Why can’t the town continue to make its own housing decisions, balancing new home builds with environmental protection and liveable neighbourhoods, Tobias asks? “How do I find some balance … how do I build a future that’s worth living? And that’s my challenge.” He’s particularly concerned about the new legislation’s provision for six units on lots with single houses or duplexes that are bigger than 280-square-metres and within 400-metres of a bus stop. Most of View Royal is within 400-metres of a bus stop, the town council points out.

In addition to restricting or eliminating public hearings for any such developments, the legislation also eliminates off-street parking requirements. Tobias says that’s a particular safety concern in View Royal where so many residential streets are winding and narrow and either don’t have sidewalks at all or only have sidewalks on one side of the street. He also points out that municipalities will have to come up with the money to build sidewalks and other infrastructure like sewers and water lines. The legislation allows development to go ahead regardless of infrastructure capability.

“The impact on the town is really significant. As a mayor of a town of 12,000, my biggest concern is that knowing that View Royal will grow, how do we balance infrastructure with supporting and welcoming new residents for View Royal? … How do we build in a way that integrates a healthy community? … Do I have the amenities that I need to be able to support that growth?”

Tobias also worries about the legislation’s unintended consequences. The legislation makes no provisions for affordable housing, he points out. He’s already seen affordable apartment buildings torn down in View Royal to make way for expensive condos with high-end stainless steel appliances and marble countertops the displaced residents can’t afford. New developments have stripped forest cover near the highway, bringing highway traffic noise into neighbourhoods previously sheltered from the constant roar. As trees are cut down and new housing developments automatically proceed without locally mandated mitigations, B.C.’s Bill 44 stands to bring highway traffic noise into more of View Royal’s communities, Tobias says.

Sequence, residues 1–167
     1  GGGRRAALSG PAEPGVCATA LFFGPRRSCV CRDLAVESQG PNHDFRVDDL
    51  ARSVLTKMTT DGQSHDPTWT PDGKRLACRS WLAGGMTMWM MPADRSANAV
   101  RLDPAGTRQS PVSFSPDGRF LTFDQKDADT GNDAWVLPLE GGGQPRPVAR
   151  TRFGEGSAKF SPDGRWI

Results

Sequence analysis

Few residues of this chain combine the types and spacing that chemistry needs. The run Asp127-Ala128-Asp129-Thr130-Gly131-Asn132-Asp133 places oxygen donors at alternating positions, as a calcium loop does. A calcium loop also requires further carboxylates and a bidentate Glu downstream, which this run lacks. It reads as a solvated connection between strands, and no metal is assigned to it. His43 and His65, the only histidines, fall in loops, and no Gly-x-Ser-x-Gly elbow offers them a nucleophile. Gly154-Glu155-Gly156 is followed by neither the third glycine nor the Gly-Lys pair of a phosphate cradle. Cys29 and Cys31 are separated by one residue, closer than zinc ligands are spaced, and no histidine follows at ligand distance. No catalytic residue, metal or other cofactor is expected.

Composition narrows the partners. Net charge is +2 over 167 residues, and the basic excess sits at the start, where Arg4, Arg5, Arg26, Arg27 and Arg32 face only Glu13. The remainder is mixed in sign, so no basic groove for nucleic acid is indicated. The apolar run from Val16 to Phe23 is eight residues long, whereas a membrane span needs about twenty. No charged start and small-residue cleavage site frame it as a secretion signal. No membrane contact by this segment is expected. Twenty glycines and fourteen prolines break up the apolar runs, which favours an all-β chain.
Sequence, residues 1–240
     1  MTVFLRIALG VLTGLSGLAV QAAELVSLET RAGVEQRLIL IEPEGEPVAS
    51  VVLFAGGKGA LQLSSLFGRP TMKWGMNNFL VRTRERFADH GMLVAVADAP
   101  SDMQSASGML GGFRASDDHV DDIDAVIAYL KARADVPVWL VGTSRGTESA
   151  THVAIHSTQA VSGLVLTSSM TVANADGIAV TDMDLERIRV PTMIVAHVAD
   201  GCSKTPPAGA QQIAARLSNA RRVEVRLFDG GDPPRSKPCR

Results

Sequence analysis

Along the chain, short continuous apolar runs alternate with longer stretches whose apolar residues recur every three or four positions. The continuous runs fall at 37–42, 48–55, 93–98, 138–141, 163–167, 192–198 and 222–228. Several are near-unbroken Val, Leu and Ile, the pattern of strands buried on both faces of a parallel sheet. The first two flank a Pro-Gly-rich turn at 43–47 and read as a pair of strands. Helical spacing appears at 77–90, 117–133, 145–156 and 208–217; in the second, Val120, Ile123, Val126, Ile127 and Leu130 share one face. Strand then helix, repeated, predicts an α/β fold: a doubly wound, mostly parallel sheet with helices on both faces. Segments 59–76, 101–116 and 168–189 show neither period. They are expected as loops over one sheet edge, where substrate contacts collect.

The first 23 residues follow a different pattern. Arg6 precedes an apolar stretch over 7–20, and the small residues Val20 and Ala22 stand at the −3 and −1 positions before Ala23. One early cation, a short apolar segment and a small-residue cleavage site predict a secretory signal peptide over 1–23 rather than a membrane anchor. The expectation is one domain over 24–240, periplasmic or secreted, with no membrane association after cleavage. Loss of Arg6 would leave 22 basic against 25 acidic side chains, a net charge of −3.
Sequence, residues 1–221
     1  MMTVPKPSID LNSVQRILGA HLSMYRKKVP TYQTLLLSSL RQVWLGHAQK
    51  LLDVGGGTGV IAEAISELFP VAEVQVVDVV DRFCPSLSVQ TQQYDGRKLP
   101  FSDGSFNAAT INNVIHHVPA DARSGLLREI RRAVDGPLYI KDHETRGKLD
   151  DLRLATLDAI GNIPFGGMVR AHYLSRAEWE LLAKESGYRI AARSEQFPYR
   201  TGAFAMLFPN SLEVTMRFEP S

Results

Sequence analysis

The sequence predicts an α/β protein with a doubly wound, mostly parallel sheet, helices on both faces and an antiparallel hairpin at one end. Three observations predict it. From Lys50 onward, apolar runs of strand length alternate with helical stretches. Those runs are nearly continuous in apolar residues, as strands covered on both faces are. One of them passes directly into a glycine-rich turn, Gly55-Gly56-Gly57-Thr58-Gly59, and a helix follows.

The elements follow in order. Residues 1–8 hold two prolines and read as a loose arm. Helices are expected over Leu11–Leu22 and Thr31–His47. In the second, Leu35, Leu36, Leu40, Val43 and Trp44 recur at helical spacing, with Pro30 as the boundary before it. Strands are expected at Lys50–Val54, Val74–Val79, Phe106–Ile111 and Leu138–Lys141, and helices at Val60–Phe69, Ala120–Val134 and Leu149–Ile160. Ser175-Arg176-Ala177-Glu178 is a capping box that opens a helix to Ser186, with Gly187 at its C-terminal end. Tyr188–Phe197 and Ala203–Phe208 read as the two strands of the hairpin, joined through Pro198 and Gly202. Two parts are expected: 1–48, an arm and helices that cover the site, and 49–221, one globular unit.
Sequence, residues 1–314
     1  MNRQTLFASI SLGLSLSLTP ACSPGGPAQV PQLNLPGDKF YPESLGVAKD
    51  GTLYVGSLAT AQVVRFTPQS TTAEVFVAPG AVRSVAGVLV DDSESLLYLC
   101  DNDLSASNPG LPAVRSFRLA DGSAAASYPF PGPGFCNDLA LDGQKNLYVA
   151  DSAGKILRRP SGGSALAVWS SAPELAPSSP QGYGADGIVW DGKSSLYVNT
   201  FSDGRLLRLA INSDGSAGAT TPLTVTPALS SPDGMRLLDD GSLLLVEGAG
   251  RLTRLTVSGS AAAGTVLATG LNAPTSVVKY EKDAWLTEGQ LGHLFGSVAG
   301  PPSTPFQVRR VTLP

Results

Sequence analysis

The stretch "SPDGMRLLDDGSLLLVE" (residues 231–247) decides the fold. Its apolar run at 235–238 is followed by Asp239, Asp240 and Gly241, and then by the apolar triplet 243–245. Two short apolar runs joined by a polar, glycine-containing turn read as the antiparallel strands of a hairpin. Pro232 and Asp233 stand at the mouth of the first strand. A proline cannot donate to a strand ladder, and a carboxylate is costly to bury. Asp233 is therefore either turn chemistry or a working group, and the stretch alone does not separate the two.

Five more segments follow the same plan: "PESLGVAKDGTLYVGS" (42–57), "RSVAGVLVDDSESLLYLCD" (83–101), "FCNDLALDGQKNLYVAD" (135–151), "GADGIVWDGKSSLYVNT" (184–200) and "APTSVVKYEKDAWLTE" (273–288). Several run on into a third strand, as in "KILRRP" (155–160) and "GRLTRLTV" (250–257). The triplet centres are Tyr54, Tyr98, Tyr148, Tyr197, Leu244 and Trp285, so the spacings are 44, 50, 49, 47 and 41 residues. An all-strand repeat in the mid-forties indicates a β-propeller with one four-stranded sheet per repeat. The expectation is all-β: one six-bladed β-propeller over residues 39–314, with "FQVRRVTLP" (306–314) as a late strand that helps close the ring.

View Royal asks B.C. auditor general for audit 

One week before Bill 44 became law, View Royal organized what it called “The Last Public Hearing,” a community meeting to discuss the province’s housing policy and its impacts on View Royal residents. View Royal’s concerns run so deep that in November, Tobias, with the unanimous support of council, asked B.C. auditor general Michael Pickup to audit Bill 44. “The legislation’s implications, particularly concerning the absence of public and municipal engagement, warrant a thorough investigation to ensure transparency, accountability, and alignment with governmental priorities,” Tobias wrote to Pickup. 

He told the auditor general it was crucial to understand who was consulted during the development of this legislation “and why there was an apparent omission of wider public and municipal input.” The absence of broad engagement raises questions about the foundational basis of the bill, Tobias wrote, saying “it is essential to investigate whether the formulation of this bill aligns with evidence-based practices and is consistent with the government’s stated priorities, especially in areas such as climate action and other policies.” He also requested an investigation into the decision-making process. “This should focus on ensuring that the standards of conduct expected in positions of public trust are adhered to. Specifically, the audit should inquire into whether there were any breaches regarding conflicts of interest and the possibility of preferential treatment in the formulation of Bill 44,” Tobias said. View Royal is in the process of revising its audit request now the bill has passed into legislation. 

View Royal Mayor Sid Tobias sits in the empty council chambers in front of a sign with his name
The mayor and councillors of View Royal requested B.C.’s auditor general audit Bill 44, with an eye to investigating the decision-making process and whether the bill aligns with the province’s other stated priorities, especially in areas such as climate action. They are in the process of reformulating their request now the bill has passed into law.

The Union of BC Municipalities, too, has publicly expressed concerns about the new legislation. While recognizing the urgent need to address the housing crisis, the union says the shift “towards prescriptive, centralized planning comes also with risks and potential unintended consequences.”

Union president Trish Mandewo says many municipalities are shocked by the new legislation and feel angst as they wait to see its impact. “That uncertainty, I think, is what’s really killing everybody,” Mandewo, a Coquitlam councillor, says in a telephone interview. The government consulted an unknown number of municipalities prior to passing the legislation — those municipalities had to sign non-disclosure agreements, according to Mandewo, meaning they could not share information.